I know what you’re thinking (and not necessarily because I’m wearing a colored hat): this is about six things and not four. But wait, notice how the six thinking styles form three pairs of opposites:
Creative (Green) pairs with Process (Blue)
Positive (Yellow) pairs with Negative (Black)
Facts (White) pairs with Emotion (Read)
Then the three pairs of opposites can be arranged into a tetrahedron, where the opposite edges are the three pairs. A tetrahedron has four vertices and four faces, where each vertex is the opposite of its opposite face.
The vertices are Creative + Positive + Emotion, Creative + Negative + Facts, Process + Positive + Facts, and Process + Negative + Emotion. The faces are Creative + Positive + Facts, Creative + Negative + Emotion, Process + Positive + Emotion, and Process + Negative + Facts.
The first link below lists the same opposites for the Six Hats as I found. And there are also a huge number of links out there devoted to the Six Thinking Hats, so I can’t list or summarize them all, or even a small portion.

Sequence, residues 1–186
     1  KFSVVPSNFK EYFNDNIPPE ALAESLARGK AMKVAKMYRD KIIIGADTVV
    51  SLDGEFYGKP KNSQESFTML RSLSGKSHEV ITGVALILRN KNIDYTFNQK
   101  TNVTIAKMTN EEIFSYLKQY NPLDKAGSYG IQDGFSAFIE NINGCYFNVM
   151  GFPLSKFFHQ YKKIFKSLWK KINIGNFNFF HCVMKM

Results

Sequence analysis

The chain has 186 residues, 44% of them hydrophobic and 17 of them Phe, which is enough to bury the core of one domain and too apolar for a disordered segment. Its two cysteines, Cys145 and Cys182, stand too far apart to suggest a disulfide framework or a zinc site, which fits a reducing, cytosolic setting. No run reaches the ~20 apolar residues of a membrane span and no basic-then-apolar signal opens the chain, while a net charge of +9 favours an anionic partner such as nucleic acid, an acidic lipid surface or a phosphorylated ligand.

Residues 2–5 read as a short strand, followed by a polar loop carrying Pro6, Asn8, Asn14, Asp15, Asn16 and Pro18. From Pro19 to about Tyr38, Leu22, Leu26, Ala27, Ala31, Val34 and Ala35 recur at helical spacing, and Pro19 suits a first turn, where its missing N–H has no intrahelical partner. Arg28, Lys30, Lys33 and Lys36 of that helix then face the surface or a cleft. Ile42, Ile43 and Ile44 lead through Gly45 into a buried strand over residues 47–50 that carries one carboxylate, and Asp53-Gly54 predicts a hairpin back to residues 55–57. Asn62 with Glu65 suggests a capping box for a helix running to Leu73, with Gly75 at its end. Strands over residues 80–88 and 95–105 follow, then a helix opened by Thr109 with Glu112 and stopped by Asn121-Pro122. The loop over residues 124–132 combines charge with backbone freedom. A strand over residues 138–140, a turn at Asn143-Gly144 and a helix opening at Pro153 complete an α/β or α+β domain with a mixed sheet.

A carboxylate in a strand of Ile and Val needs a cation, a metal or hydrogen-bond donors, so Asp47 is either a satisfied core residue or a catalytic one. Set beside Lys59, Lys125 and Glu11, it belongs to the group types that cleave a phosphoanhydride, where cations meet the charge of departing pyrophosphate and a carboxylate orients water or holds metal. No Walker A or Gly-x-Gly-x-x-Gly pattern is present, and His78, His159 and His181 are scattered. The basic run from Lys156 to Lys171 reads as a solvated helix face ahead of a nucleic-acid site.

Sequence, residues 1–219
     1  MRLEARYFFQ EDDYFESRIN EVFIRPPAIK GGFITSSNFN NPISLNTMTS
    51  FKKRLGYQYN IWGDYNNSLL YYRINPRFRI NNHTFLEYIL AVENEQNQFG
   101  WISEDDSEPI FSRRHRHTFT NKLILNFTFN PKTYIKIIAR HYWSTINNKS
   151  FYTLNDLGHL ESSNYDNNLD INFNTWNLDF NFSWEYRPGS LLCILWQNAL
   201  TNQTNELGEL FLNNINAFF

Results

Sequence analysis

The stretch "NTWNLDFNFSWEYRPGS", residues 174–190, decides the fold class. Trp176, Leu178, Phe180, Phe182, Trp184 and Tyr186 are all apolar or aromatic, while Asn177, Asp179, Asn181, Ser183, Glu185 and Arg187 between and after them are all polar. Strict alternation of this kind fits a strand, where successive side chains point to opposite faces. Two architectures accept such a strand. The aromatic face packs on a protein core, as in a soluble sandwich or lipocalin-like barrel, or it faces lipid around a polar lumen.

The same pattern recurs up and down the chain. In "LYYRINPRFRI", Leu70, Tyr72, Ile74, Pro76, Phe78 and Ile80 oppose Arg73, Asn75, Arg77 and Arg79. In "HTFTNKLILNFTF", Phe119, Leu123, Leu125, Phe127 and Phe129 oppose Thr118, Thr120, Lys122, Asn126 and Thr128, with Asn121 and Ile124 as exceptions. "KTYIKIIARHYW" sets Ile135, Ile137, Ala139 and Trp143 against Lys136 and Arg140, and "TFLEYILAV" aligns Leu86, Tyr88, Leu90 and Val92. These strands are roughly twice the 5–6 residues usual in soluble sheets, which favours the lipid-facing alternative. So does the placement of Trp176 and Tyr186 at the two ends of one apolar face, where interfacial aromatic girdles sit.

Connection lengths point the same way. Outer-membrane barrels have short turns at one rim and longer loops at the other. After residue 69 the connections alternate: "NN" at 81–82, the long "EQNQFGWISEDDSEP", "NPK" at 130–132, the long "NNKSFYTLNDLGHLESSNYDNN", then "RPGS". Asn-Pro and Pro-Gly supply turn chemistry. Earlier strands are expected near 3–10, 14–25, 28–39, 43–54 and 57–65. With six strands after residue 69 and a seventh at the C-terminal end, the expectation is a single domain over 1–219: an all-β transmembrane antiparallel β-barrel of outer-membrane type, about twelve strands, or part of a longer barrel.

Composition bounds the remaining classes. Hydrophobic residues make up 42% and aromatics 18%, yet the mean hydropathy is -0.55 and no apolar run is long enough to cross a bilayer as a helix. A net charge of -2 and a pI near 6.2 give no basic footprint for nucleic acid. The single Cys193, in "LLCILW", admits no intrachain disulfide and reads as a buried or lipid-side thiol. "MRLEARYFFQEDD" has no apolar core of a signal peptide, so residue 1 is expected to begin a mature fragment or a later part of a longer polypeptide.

Edward de Bono / Six Thinking Hats
… and many more.
Graham Wallas devised a fourfold for stages of creativity:
From the “Art of Thought” description on Amazon:
“The first in time I shall call Preparation, the stage during which the problem was ‘investigated … in all directions’; the second is the stage during which he was not consciously thinking about the problem, which I shall call Incubation; the third, consisting of the appearance of the ‘happy idea’ together with the psychological events which immediately preceded and accompanied that appearance, I shall call Illumination. And I shall add a fourth stage, of Verification …”
The Art of Thought: A Pioneering 1926 Model of the Four Stages of Creativity
Turning ideas into reality: the four stages of creativity
Graham Wallas / The Art of Thought
Albert Rothenberg, Carl R. Husman, eds. / The Creativity Question